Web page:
The Show

Fresh off a win in New Hampshire, Donald Trump wasted no time attacking his closest rival, Senator Ted Cruz, and throwing haymakers at his familiar punching bag, Former Governor Jeb Bush.

Ted Cruz seemed to strike the frontrunner where he is most vulnerable in the Republican primary, drawing attention to Trump’s liberal past and its litany of decidedly non-conservative positions. His past views, Cruz said, attest that Trump would nominate liberal justices to the Supreme Court. The eccentric billionaire hit back emphatically, calling the Texas Senator the “single biggest liar.”

While framing Trump as too liberal to entrust the nomination, Cruz doubled down on his own conservative credentials. He touted his pro-growth economic vision and his experience defending the Constitution before the US Supreme Court.

Jeb Bush may have sensed an opportunity to bully the bully, as he berated Trump for his recent attacks on the Bush family, including matriarch Barbara Bush. Jeb Bush was arguably the most confident and on message in dealing with Donald Trump, as he has been the entire campaign. He cogently defended his brother, former President George W. Bush, in his foreign policy decisions and remained steady in the face of Trump’s bluster.

True to form, Donald Trump’s reaction to Jeb Bush’s newfound combativeness seemed to be the epitome of political incorrectness, especially within a Republican primary. Trump blasted former President George W. Bush, essentially charging that he knowingly lied about Weapons of Mass Destruction in Iraq in order to justify the 2003 invasion and overthrow of Saddam Hussein, and blaming the current chaos in the Middle East on those very policies. He even disputed the claim that George W. Bush ‘kept us safe’, as Jeb Bush exclaimed, by pointing out that the World Trade Center came down during his presidency.

It cannot be overstated how brazen this line of attack from Trump was, in a state that boasts strong support for the former President and Bush family in general. But more than mere personal attacks on a popular former President, Donald Trump’s criticism of the Bush foreign policy rests upon the very same arguments that have been and continue to be made by the political left in this country.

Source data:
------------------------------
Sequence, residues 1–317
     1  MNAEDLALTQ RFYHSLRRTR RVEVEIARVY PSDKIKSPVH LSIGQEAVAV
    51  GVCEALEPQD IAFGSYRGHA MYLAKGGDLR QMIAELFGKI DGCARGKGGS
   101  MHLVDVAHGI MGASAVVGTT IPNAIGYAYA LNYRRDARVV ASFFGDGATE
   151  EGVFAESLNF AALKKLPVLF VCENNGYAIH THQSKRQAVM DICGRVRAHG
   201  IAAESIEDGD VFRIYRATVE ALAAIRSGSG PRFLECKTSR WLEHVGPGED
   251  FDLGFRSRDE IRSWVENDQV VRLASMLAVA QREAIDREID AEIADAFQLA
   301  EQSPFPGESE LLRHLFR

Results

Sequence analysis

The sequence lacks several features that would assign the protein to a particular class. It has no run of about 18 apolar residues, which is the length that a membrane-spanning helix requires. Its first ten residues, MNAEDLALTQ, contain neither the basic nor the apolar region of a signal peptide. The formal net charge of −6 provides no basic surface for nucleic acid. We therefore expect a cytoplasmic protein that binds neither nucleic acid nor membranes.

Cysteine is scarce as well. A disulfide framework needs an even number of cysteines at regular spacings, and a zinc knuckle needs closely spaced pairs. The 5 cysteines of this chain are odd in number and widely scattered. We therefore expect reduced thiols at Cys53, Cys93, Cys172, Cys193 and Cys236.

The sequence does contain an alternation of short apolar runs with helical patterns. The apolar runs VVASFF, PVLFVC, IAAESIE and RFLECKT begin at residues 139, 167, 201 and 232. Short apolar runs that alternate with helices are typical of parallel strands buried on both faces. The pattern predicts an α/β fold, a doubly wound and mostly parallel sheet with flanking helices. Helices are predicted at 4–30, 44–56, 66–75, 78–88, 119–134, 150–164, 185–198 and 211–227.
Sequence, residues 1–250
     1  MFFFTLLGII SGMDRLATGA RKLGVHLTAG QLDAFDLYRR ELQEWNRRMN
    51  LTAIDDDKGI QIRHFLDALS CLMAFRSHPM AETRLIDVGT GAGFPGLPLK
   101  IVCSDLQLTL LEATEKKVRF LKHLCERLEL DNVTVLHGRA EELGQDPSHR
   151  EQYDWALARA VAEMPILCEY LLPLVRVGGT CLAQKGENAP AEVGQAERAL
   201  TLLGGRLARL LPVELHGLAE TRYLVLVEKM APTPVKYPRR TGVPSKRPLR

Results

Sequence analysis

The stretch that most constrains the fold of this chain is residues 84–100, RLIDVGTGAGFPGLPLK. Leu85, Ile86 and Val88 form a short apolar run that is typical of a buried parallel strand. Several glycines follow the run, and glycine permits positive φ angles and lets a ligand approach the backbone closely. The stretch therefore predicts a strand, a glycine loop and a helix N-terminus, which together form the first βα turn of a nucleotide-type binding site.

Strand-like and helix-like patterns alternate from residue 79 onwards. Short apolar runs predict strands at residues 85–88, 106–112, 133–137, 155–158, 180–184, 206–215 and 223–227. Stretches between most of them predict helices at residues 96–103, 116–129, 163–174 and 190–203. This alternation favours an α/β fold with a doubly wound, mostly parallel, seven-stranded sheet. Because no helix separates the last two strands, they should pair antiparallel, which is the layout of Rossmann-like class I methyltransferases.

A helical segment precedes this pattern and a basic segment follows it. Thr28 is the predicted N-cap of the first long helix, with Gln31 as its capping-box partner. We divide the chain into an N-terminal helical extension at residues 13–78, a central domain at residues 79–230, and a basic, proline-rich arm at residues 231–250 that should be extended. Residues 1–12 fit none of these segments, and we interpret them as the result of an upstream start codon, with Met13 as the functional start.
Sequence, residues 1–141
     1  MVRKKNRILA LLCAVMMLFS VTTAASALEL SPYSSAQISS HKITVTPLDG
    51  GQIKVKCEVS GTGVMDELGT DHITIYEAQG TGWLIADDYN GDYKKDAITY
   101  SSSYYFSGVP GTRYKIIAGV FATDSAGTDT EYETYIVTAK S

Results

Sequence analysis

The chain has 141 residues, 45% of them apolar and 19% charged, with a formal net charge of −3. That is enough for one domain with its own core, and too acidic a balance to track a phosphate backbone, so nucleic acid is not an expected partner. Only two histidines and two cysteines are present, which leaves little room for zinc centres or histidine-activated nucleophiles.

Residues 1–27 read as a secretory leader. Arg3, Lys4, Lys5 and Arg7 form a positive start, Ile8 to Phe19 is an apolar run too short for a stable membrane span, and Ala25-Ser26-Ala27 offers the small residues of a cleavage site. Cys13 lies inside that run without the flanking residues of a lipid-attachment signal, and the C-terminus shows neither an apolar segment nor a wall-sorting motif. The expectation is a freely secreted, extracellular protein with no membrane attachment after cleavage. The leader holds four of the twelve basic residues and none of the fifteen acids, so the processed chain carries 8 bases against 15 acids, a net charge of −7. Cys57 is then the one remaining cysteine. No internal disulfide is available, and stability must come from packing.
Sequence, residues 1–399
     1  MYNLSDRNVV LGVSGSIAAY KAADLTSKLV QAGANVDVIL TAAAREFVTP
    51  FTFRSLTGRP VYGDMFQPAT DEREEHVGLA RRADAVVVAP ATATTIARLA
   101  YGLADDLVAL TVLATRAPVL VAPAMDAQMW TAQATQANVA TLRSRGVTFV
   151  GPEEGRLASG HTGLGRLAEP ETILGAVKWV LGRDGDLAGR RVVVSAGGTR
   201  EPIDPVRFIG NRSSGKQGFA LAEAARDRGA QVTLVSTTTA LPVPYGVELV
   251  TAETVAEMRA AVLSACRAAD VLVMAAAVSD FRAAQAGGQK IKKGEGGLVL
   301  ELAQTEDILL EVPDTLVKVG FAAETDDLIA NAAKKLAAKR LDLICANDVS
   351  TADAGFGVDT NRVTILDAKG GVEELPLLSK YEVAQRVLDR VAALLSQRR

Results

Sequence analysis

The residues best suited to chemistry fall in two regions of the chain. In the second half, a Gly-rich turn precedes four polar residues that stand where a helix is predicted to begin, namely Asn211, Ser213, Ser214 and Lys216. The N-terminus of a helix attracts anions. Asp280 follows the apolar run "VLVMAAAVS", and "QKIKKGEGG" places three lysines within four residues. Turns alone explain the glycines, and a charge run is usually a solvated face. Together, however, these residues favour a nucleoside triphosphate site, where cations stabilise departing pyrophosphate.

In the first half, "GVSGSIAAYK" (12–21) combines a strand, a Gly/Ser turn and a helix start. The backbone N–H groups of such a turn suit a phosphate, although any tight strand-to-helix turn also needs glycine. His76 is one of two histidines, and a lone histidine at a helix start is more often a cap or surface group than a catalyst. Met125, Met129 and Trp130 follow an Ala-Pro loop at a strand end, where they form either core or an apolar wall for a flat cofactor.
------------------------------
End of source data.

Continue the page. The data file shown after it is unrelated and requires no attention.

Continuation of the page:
Though he has defined this campaign by turning brazen political incorrectness into booming poll numbers, adopting the opponents’ rhetoric to criticize popular Republicans may prove damaging in the ‘First in the South’ primary contest next weekend.

Next Stop

The next debate takes place on February 25 in Houston, Texas where Senator Ted Cruz may enjoy a nominal home field advantage. From there the candidates head into ‘Super Tuesday’ on March 1st, when 14 states hold votes to select party nominees for President.

Categories: North America, Politics

About Author

Jeffrey Moore

Jeff Moore is a Project Manager and Research Specialist with the North Carolina Department of Commerce, with a focus on legislative, economic and workforce issues. Previously, he served in the Office of Governor Pat McCrory as an economic policy aide and researcher. After earning a BA in Political Science from the University of North Carolina at Chapel Hill in 2007, Jeff worked as a proprietary equity trader, successfully navigating capital markets during the 2008 financial crisis and the ensuing business and political ramifications that followed.